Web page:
Gap, said to be 4,000, are preparing to move; that they were about to send a train of 400 wagons into Clay County for forage. If there is any truth in this last item, we could demolish them, if it is thought advisable, and horses can be had on which to mount infantry.
Respectfully, your obedient servant,
SAMUEL A. GILBERT,
HEADQUARTERS DEPARTMENT OF THE OHIO, Cincinnati, Ohio, February 3, 1863.
Major General HORATIO G. WRIGHT,
General Gillmore telegraphs that reports from Stanford say that 3,000 rebels are marching on Loudon, and encamped 29 miles from that place on the night of the 1st. Colonel [Henry B.] Carrington asks that you will send a confidential member of your staff to confer with him. Shall I send General [Henry] Van Rensselaer?
N. H. McLEAN,
FRANKFORT, KY., February 3, 1863.
Rebels entered Owingsville Sunday night [1st]; robbed all the Union stores, stole 40 or 50 horses, and took off as prisoners several Union men. Rebel force variously estimated at from 100 to 700. Large force crossed Cumberland at Waitsborough, in addition to those of Sunday.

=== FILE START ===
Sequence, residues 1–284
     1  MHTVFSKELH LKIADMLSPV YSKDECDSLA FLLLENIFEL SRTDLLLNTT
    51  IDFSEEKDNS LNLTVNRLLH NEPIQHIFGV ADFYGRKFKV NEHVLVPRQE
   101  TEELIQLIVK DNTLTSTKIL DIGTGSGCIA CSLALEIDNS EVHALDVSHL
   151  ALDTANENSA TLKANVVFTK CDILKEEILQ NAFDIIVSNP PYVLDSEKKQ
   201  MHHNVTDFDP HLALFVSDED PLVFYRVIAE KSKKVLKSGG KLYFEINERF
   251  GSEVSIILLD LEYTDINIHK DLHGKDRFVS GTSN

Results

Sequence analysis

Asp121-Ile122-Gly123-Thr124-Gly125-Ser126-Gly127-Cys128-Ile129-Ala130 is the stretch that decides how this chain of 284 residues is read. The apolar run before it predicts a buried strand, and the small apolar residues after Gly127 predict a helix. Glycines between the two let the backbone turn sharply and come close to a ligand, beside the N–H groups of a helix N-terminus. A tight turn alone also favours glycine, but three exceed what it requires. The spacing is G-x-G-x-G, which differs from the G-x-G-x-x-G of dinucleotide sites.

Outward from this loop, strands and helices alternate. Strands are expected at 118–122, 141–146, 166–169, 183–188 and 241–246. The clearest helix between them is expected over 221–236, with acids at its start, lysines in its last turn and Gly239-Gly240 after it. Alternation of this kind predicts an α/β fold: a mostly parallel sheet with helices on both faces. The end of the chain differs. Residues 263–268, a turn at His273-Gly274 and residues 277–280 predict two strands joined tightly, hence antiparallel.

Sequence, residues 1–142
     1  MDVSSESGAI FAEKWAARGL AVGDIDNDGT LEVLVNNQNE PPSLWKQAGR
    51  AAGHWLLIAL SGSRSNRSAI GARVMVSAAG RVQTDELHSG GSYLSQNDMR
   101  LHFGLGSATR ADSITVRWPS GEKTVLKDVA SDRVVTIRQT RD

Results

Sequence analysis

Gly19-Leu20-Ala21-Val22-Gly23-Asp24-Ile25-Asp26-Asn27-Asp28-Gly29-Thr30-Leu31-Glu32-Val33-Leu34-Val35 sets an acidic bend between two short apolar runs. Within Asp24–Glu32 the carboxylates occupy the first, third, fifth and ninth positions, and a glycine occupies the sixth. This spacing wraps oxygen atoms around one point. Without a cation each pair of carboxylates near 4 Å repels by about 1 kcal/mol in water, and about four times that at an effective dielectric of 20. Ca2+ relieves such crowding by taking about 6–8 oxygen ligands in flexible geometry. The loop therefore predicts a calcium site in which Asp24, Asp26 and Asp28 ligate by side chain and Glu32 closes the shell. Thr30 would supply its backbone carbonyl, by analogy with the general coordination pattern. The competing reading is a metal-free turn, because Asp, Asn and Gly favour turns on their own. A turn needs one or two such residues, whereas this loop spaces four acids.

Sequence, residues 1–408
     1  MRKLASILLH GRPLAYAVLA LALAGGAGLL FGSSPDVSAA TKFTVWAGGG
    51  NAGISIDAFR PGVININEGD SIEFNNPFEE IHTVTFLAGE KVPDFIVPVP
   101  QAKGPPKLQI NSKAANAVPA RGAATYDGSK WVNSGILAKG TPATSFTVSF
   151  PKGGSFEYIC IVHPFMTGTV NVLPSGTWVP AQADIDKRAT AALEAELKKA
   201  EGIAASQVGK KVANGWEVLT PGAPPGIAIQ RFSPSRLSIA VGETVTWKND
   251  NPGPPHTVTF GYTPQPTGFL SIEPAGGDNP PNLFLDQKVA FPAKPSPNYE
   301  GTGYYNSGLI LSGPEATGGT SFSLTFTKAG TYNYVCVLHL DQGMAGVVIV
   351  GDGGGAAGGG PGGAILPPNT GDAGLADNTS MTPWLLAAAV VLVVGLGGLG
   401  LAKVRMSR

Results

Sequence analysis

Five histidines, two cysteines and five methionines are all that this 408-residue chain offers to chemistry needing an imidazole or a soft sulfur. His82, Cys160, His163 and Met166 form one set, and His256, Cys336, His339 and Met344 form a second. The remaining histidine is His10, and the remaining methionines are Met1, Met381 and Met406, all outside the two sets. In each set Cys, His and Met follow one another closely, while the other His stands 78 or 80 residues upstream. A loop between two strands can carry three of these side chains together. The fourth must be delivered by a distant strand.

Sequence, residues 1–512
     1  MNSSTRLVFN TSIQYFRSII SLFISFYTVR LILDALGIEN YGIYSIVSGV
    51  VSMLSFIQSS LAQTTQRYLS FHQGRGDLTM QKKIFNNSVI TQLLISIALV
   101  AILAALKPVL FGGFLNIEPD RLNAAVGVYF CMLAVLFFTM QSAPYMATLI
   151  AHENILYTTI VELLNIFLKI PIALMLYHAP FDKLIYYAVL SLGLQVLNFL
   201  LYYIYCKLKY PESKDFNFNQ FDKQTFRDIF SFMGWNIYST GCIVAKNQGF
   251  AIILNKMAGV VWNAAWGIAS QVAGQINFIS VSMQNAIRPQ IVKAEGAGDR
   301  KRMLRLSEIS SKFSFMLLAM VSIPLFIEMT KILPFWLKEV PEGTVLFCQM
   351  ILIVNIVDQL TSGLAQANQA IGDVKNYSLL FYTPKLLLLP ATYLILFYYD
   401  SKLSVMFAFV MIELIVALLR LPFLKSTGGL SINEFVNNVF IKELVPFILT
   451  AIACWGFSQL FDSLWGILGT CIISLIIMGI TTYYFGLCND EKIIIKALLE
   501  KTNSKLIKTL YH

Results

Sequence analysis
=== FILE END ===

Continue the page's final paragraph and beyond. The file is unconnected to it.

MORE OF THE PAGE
JNO. W. FINNELL,
CORINTH, MISS., February 3, 1863.
Van Dorn is concentrating a force at Tupelo, Pontotoc, and Okolona of mounted men, whose destination is, I think, to Bragg and Kentucky. The scouts left Pontotoc Sunday. He then had over 5,000, with Whitfield's brigade yet to join him. They all say he is going to Kentucky. I think he is going to Bragg, from the fact that corn has been collected on the Okolona and Decatur road at several points for his force, and one brigade has moved up that road. Southern papers of the 29th say that part of his force has already crossed the Tennessee; but I think not. They also speak of Morgan being out on an expedition.
G. M. DODGE,
WAR DEPARTMENT, Washington, February 4, 1863.
Fort Heiman, as an appendage to Fort Henry, will be attached to the Department of the Cumberland.
H. W. HALLECK,